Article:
birth “might put Plaintiffs at a substantial risk of identity
theft or fraud.”  Id. at *6. But, because
plaintiffs did not allege “any other facts suggesting that
the PII was intentionally taken by an unauthorized third party or
otherwise misused,” the sensitivity of the data, standing
alone, was not sufficient to establish an injury in fact. For this
reason, the court ultimately found plaintiffs lacked Article III
standing.

On one hand, McMorris poses clear hurdles for data
breach class actions in the Second Circuit because it will be
difficult for plaintiffs to plead sufficient facts showing that the
purpose of any given cyberattack was to target their data.
(It would be easier to make this showing in financially motivated
cyberattacks.) On the other hand, given the ubiquity of data
breaches and inadvertent emails, it should not be particularly
difficult for plaintiffs to allege that some portion of a
compromised data set has already been misused. For example, a
plaintiff whose personal data was compromised and who later
receives an early fraud warning from their credit card issuer could
plausibly allege misuse. And depending on the type of data at
issue, McMorris may spur even more class actions because
of the court’s recognition that the sensitivity of the data
exposed, by itself, may be enough to establish standing. Finally,
the three-factor test gives courts plenty of leeway because no one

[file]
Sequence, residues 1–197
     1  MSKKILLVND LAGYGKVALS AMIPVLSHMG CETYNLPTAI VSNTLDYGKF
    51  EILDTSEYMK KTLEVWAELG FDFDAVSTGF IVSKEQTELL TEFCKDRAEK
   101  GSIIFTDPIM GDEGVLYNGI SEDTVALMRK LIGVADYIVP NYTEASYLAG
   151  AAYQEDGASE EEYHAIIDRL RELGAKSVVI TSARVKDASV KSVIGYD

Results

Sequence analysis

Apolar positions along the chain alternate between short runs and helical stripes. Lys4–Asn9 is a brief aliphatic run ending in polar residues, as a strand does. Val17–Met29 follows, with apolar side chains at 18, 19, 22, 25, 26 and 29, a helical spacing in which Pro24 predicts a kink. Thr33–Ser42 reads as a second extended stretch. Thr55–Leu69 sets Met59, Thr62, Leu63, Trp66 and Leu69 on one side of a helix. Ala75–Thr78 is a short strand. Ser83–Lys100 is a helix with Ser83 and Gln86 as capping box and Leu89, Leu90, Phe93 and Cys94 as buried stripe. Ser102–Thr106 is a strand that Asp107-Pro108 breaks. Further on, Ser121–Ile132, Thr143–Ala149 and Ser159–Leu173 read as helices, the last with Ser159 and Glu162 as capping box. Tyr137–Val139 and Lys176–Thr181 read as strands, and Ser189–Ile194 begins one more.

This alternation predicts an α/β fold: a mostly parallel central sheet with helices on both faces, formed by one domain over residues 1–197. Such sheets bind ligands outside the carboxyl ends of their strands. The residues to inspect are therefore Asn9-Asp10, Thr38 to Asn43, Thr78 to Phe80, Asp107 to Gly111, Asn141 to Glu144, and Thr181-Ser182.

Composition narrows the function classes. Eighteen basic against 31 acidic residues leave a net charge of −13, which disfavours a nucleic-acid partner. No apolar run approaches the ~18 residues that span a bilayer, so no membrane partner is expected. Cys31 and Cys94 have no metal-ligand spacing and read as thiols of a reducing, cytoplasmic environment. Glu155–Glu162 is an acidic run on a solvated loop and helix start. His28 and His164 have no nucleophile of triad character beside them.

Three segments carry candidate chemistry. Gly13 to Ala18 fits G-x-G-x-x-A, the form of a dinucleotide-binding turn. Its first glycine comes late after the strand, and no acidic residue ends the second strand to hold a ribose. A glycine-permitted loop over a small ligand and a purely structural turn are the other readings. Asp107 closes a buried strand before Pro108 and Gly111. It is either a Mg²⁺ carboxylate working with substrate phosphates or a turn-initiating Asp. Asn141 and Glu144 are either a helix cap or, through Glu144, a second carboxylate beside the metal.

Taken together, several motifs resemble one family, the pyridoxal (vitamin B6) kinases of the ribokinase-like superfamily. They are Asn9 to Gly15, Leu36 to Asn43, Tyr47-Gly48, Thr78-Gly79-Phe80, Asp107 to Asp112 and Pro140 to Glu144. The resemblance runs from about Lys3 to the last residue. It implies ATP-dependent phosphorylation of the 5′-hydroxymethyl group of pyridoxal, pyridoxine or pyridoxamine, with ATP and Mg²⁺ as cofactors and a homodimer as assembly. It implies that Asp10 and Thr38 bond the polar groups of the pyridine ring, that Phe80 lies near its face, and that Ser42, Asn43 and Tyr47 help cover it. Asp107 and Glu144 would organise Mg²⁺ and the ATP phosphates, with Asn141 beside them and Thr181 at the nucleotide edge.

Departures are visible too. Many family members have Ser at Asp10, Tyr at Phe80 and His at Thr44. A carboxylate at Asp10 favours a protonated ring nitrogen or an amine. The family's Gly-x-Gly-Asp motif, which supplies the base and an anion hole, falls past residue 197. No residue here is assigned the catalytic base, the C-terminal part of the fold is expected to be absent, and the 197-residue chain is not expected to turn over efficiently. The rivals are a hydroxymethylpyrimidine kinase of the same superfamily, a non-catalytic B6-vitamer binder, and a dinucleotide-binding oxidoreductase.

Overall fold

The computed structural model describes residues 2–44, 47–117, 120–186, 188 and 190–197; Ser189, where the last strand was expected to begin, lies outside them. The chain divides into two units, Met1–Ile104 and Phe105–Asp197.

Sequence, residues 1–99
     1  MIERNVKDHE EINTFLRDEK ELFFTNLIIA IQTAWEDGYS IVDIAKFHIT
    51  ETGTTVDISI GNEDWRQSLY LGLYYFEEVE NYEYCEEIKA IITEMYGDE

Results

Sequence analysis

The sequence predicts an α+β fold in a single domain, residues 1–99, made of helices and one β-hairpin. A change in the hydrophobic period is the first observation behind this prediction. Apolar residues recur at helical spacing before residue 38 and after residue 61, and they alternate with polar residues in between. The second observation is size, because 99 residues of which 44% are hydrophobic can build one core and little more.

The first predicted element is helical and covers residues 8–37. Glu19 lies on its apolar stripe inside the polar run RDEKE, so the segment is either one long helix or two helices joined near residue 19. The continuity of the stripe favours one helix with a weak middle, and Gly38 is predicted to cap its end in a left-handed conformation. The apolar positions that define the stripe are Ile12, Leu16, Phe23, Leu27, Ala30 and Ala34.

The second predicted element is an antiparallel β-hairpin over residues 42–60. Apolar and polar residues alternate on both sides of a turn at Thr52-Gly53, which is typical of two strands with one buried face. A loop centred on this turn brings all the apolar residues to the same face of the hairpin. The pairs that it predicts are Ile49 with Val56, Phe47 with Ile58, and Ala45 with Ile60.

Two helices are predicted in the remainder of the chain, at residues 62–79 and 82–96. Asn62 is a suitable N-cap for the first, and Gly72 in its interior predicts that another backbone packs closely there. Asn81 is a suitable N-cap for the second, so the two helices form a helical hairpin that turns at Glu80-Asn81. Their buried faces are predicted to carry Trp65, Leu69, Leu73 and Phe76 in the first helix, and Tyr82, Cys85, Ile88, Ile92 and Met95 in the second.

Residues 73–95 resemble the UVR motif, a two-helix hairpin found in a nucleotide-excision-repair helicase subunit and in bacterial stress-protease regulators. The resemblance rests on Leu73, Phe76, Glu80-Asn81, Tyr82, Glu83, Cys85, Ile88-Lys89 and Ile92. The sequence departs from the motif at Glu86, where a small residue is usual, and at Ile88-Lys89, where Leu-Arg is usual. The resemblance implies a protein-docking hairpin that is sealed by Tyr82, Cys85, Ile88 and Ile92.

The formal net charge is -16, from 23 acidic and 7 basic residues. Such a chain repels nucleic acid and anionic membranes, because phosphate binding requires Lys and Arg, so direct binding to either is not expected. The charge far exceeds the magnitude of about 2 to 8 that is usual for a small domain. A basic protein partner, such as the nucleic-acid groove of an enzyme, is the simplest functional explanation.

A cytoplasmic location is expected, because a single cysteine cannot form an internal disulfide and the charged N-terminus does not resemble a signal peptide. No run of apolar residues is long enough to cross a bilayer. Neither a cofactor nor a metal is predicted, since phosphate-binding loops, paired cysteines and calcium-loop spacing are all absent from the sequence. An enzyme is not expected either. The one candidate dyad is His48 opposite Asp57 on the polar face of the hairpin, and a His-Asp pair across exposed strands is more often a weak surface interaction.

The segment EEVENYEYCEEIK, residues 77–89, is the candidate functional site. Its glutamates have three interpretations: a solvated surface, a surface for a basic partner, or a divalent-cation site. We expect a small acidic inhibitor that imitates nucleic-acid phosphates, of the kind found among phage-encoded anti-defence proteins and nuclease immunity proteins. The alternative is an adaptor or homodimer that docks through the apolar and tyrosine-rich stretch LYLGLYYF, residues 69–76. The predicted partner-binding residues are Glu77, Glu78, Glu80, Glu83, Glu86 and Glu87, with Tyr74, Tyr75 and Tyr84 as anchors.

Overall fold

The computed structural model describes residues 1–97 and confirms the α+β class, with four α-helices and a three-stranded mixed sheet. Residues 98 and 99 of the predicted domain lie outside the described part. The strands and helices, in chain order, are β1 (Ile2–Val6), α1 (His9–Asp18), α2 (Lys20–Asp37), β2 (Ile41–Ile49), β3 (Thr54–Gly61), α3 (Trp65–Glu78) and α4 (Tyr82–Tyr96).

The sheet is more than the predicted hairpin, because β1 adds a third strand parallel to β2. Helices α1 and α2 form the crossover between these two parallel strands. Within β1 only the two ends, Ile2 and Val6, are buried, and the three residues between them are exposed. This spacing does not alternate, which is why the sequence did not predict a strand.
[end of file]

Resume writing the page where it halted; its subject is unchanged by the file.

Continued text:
factor is dispositive.

Footnote

1.  For example, in In re SuperValu, Inc.,
870 F.3d 763, 773 (8th Cir. 2017), the Eighth Circuit found certain
plaintiffs lacked standing to sue because they failed to allege
that their disclosed credit card information had been misused, but
declined to hold that evidence of misuse following a data breach
was necessary to establish standing. Similarly, in Tsao v.
Captiva MVP Rest. Partners, LLC,
986 F.3d 1332, 1340 (11th
Cir. 2021), the Eleventh Circuit held “evidence of actual
misuse is not necessary for a plaintiff to establish standing
following a data breach.”  However, in Reilly v.
Ceridian Corp.
, 664 F.3d 38, 45 (3d Cir. 2011), the Third
Circuit held that “in data breach cases where no misuse is
alleged . . . there has been no injury[.]”). The Second
Circuit noted that the Reilly court did not “reject
the ‘increased-risk’ theory altogether,” and
instead distinguished analogous cases on their facts.
McMorris, 2021 WL 1603808, at *3 n2.

The content of this article is intended to provide a general
guide to the subject matter. Specialist advice should be sought
about your specific circumstances.

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Source: on 2021-05-04 03:52:30